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How will we close the gap in smoking rates for pregnant Indigenous women?

Antenatal smoking is the most important modifiable cause of adverse pregnancy outcomes.1 Indigenous Australian women are more than three times more likely to smoke during pregnancy than non-Indigenous women.2 As a result, adverse outcomes are more frequent in Indigenous than non-Indigenous babies, with smoking as an independent risk factor.3

Reviews of antenatal smoking interventions have shown effective cessation strategies for pregnant women.1 However, persistently high rates of smoking during pregnancy among Indigenous women suggest that current interventions have had limited impact. Finding ways to effectively reduce smoking in pregnant Indigenous populations is a high priority. Previous systematic reviews have examined smoking cessation interventions for Indigenous peoples; however, none has specifically investigated smoking cessation among pregnant Indigenous women.4,5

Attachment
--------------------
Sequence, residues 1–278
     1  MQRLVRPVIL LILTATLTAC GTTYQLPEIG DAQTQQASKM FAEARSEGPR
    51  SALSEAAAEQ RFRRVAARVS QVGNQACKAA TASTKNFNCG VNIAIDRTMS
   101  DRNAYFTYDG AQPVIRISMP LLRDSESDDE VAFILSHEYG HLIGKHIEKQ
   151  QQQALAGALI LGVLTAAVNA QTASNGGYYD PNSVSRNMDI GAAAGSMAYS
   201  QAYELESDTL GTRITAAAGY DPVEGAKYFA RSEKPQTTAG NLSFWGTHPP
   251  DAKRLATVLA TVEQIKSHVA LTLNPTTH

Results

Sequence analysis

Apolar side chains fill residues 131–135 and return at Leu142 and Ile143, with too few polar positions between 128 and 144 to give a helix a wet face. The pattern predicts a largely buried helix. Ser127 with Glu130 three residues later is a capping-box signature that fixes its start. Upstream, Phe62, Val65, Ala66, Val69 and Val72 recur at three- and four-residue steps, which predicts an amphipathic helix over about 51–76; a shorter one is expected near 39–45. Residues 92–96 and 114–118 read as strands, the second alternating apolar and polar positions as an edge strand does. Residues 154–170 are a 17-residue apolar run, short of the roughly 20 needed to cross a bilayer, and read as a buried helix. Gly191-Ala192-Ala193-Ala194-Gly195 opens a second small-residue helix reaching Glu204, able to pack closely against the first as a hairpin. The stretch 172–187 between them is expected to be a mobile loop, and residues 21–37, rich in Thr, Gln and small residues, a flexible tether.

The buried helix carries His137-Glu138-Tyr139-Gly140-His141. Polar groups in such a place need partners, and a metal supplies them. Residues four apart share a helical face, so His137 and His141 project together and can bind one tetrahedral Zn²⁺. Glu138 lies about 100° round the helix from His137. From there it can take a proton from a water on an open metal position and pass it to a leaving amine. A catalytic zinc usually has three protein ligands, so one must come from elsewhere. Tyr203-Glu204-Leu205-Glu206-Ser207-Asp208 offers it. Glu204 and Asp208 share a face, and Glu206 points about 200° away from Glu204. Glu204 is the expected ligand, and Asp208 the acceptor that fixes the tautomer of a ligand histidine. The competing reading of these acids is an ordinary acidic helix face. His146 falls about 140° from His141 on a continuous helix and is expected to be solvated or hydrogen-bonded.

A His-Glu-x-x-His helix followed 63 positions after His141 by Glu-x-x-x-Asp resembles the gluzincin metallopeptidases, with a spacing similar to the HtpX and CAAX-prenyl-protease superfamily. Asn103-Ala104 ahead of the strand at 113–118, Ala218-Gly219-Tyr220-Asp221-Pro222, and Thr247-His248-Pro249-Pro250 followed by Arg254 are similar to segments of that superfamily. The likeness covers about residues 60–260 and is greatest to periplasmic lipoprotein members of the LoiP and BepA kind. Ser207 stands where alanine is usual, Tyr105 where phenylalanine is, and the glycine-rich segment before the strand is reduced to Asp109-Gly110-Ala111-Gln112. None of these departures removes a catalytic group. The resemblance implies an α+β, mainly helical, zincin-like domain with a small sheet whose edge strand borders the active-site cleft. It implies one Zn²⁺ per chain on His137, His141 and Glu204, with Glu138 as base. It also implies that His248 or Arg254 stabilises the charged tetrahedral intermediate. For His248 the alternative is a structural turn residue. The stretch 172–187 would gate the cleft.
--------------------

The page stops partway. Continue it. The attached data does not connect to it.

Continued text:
We undertook a systematic review to examine the effectiveness and methodological quality of smoking cessation interventions targeting pregnant Indigenous women. In December 2012 we searched MEDLINE, PsycINFO, CINAHL (Cumulative…

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